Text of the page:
Interview: Angela Lee, MMA FighterWritten by Melissa Kong
The youngest-ever MMA champ talks time and watches.
11.17pm - a time etched into Angela Lee's memory (and wrist) forever. At that exact moment on May 6 this year, Lee became the youngest-ever winner of the inaugural Atomweight belt of ONE Championship, beating fellow professional fighter, Mei Yamaguchi of Japan. Inspired by a spectator's Instagram picture (Timmy Tan @TimeWerke, below) of his Casio watch displaying the decisive time of victory against the backdrop of the cage as confetti fell, Lee decided to capture the moment with a tribute on her wrist.
A Canadian-American citizen with Singaporean-Korean ethnicity, the 19-year-old MMA world champion also happens to have both a black belt in taekwondo and a brown belt in Brazilian jiu-jitsu. She credits her start in MMA to spectacular wins in overseas competitions.
“When I was 16, I travelled to Greece and Croatia and won the Junior World Pankration Championships twice,” she reveals. “After that, I decided I wanted to pursue a professional career in MMA.”
Here, she shares what time means to her and what her dream watch would be.
You’re turning 20 this year. Is age an advantage when it comes to your sport?
I don't think age plays a role in MMA, rather it's the number of years of experience that matters most.
It’s just been slightly over a month after you won the atomweight belt and you’re already gearing for your next fight. Can you break down your schedule for us – how many weeks does it take for you to recover from a fight, do preliminary training, and how long does the most intense part of your pre-fight training last?
Recovery time after a fight varies, depending on how the fight went and how much damage was taken. The fight itself is 25 minutes at most, but the fight camp leading up to it is what takes the biggest toll on the body. Each fight camp lasts six to eight weeks and I train six days a week for up to seven hours a day, which equates to 336 hours of training. So a couple days of rest after each fight is ideal to unwind and heal the body.
They say time is relative. Each MMA round lasts five minutes. Does each round whizz by or does it seem like an eternity for you?
Honestly, for me, it feels like each round just flies by. I usually lose track of the rounds because I keep a very busy pace throughout my fights and I'm always looking for the finish.
Which are your favourite and least favourite parts of the day?
My favourite parts of the day are when I'm training, eating, and sleeping. My least favourite part of the day is waking up! I always struggle with that.
What are some of your best childhood memories?
I had an awesome childhood because I was always surrounded by a loving and caring family. I remember having some of the best days just playing outside for hours with my younger brother, Christian. My other favourite memories were going on vacations and trips with my family.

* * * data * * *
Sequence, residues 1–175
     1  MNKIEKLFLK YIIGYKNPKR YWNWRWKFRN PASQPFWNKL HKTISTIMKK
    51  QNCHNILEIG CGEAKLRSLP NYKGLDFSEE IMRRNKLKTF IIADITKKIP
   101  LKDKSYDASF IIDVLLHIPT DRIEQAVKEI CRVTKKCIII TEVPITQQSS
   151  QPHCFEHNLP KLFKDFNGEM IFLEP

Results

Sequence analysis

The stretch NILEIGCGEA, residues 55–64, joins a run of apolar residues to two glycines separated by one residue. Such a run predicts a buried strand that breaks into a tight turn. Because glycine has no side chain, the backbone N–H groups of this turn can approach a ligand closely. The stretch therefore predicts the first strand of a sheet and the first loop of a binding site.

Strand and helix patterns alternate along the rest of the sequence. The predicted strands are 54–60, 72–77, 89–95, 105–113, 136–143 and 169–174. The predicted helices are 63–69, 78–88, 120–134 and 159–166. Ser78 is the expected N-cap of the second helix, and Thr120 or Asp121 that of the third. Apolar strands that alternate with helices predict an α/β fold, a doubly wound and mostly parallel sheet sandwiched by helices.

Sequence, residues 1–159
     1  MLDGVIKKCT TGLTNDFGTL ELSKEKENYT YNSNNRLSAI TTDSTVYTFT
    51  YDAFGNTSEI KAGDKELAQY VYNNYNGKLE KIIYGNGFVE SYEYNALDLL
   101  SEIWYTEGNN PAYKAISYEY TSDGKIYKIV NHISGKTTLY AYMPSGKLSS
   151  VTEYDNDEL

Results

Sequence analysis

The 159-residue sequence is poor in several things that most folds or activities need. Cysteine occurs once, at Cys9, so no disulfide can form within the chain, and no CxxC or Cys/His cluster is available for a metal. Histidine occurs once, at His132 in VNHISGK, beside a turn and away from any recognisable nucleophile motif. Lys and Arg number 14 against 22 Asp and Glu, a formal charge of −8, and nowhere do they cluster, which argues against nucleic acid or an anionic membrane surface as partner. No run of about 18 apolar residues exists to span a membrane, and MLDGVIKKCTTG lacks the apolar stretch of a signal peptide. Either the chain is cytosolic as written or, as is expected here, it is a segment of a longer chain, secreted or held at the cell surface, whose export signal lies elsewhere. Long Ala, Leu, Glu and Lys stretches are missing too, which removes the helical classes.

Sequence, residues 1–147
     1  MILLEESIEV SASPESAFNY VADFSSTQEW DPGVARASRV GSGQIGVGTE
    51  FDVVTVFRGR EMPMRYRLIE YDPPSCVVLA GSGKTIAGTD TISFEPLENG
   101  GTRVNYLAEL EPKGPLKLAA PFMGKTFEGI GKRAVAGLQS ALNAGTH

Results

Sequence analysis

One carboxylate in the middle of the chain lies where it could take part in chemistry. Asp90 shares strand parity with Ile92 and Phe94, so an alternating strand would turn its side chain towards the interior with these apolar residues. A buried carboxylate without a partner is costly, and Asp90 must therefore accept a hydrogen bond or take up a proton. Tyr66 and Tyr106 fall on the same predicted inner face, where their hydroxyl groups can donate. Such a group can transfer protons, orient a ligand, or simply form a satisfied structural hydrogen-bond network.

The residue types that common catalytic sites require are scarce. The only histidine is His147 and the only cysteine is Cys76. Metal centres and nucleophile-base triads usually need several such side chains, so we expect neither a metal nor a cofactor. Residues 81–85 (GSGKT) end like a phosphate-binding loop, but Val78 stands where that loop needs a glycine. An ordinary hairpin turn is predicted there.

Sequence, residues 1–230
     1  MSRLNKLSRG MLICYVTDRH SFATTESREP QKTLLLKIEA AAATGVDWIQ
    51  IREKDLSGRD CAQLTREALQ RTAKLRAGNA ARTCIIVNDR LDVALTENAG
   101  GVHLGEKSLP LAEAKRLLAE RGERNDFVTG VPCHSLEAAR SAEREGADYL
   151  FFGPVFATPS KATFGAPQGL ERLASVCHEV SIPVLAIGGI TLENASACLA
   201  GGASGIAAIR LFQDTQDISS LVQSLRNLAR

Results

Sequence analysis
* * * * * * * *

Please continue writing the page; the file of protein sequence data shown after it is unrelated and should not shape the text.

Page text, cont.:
People often hail victors and victories, but failures shape character. Tell us about the low points in your professional career.
There are many highs and lows that everyone goes through on their journey as a martial artist. Some obstacles I've faced were being separated from my family, training through sickness and injuries, and dealing with a break up weeks before my title fight. I was able to overcome this and more by staying mentally strong. I spoke with my family every day, listened to their advice, and always found something to be grateful for, no matter how low I was feeling.
Casio has kindly facilitated this interview and is a sponsor of ONE Championship, so we are about to ask a few questions about watches. When you hear the words “Casio watch”, what comes to mind, and why?
When I hear Casio, I think G-SHOCK, and I think toughness, durability, reliability, convenience, and practicality.
We often see pictures of you in sports attire or in the ring. How would you dress on a date and what kind of watch would you wear?
I would wear a nice summer dress with a vintage style digital watch.
If you had the chance to ask Casio to create a watch for you to aid your training, what kind of dream features would you put into it?
I would love a watch that could track my heart rate, count the amount of strikes (punches and kicks), and measure the velocity and force of strikes.
Like most people these days, Melissa tells the time with her phone. She considers serious timepieces works of art and thinks the perpetual calendar is the handiest complication to date (pun not intended). She's also a Grammar Nazi but promises not to judge if you can't tell the difference between "guilloche" and "guillotine".